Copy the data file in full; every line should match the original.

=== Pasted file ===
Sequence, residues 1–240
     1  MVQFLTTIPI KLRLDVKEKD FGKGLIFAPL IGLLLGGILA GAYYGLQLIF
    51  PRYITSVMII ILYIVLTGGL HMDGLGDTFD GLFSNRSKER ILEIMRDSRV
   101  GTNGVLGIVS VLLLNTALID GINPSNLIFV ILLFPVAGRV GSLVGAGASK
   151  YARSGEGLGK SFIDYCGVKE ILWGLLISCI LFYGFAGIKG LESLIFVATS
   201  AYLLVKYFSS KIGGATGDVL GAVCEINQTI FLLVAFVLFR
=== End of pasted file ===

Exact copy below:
Sequence, residues 1–240
     1  MVQFLTTIPI KLRLDVKEKD FGKGLIFAPL IGLLLGGILA GAYYGLQLIF
    51  PRYITSVMII ILYIVLTGGL HMDGLGDTFD GLFSNRSKER ILEIMRDSRV
   101  GTNGVLGIVS VLLLNTALID GINPSNLIFV ILLFPVAGRV GSLVGAGASK
   151  YARSGEGLGK SFIDYCGVKE ILWGLLISCI LFYGFAGIKG LESLIFVATS
   201  AYLLVKYFSS KIGGATGDVL GAVCEINQTI FLLVAFVLFR